Stone, Weisz and Colman bring Lanthimos’ ‘The Favourite’ to life | The Triangle

Stone, Weisz and Colman bring Lanthimos’ ‘The Favourite’ to life

“The Favourite” is not your typical period piece. Yorgos Lanthimos’ latest is awash with fisheye lenses and anachronistic sounding dialogue, not to mention some of his singularly weird dance sequences. Lead by three outstanding performances and a hilarious, biting script from Deborah Davis and Tony McNamara, it’s the most fun I’ve had in any film last year.

Set in the 18th century during England’s war with France, we’re first introduced to Queen Anne (Olivia Colman) and her confidante/lover Sarah Churchill (Rachel Weisz). Anne is riddled with illness and is unconcerned with the state of affairs, which leads the hawkish Sarah to maneuver her way through the kingdom to her own benefit; that includes frequent clashes with Robert Harley (Nicholas Hoult), Opposition Leader in Parliament and a staunch opponent of the war. Her position is threatened with the arrival of Abigail (Emma Stone), her cousin and a former noble, intent on regaining her old status. Loyalties and sympathies shift fast and furiously as the two try to get the best of the other, consequences be damned.

The most fascinating part of the film is the shunting of male leads to the side. Hoult is very funny in his role as a messy b—- who loves drama, but it’s the ladies who are taking control here. And oh how they do it. Colman, Weisz and Stone easily give the best performances of their careers here, so much so that there was controversy over who is actually the lead. While Colman has been designated the lead for awards purposes, it’s Weisz and Stone’s bickering and machinations that steal the show. Weisz in particular seems to be having the time of her life delivering lines straight out of “Veep,” acting at times like a colonial era Regina George. Stone’s depiction of Abigail is perfectly suited to some of the more deadpan jokes, in addition to the layers of scheming her character does. This isn’t to discount Colman though, the veteran British performer gets the most showy role as the childish queen who, nonetheless, holds a deep well of sadness within her.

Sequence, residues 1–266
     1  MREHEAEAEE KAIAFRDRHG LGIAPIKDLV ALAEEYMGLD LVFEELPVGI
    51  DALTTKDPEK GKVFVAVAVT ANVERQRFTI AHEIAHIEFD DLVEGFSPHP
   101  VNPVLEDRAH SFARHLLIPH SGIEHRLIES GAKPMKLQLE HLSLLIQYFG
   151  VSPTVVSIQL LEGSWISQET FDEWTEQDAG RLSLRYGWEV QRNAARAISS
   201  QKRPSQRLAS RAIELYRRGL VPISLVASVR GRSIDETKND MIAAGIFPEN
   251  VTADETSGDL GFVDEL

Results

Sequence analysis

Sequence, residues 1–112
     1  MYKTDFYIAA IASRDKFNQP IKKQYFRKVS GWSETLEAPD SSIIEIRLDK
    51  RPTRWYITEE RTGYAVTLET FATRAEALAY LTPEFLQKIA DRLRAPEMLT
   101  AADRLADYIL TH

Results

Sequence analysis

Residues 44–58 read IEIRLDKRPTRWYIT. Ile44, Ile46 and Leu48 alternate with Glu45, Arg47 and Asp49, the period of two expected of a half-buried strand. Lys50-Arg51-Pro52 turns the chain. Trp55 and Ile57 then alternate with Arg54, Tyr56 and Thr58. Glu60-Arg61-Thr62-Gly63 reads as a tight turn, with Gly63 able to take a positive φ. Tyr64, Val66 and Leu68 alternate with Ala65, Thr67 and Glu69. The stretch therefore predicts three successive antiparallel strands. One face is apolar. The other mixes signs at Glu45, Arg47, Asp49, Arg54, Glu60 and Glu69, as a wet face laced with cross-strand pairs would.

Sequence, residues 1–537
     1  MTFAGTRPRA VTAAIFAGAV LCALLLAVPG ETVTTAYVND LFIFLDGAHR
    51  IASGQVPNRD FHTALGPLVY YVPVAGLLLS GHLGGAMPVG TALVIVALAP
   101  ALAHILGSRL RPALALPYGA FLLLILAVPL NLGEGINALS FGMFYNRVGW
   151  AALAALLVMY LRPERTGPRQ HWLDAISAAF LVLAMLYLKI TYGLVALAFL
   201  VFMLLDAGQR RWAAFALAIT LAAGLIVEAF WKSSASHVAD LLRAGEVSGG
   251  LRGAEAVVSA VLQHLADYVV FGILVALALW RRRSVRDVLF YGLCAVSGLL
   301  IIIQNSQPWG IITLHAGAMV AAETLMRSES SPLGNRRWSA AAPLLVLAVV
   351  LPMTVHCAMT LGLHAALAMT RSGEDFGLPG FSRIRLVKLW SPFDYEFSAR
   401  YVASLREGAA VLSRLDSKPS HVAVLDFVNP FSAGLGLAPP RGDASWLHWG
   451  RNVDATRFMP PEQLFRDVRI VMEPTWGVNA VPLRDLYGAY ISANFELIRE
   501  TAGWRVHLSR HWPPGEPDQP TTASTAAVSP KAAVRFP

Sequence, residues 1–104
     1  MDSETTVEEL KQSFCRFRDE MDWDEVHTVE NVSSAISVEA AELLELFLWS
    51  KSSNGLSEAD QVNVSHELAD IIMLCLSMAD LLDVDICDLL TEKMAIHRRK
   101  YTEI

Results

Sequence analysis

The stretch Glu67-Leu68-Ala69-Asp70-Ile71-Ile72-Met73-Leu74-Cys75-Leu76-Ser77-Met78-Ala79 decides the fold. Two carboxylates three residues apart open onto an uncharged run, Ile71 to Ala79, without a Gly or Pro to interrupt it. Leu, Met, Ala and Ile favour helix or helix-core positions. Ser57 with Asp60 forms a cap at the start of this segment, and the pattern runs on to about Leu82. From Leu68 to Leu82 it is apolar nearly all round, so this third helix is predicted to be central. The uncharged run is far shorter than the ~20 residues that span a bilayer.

Lanthimos is no stranger to tone like this: previous films like “Dogtooth” and “The Lobster” operated in their own surreal, twisted worlds with a sense of humor so dark you didn’t quite know whether to laugh or be horrified. “The Favourite” is by far his most accessible, but it doesn’t skimp on the vein of darkness inherent to that time period. Though they may be the ones scrambling for power, these women have still been through a lot. The things women must do to survive in this world are never far from the mind.

Yes, “The Favourite” has some serious topics on its mind. But it’s first and foremost a comedy, and a side-splittingly funny one at that. For a film directed by a straight man, there’s a remarkably queer sensibility floating through it that recalls a drag performance, not to mention the snippy dialogue. It’s just a tremendously good time, and it’s a joy to watch women take control of the screen over men, on their own terms.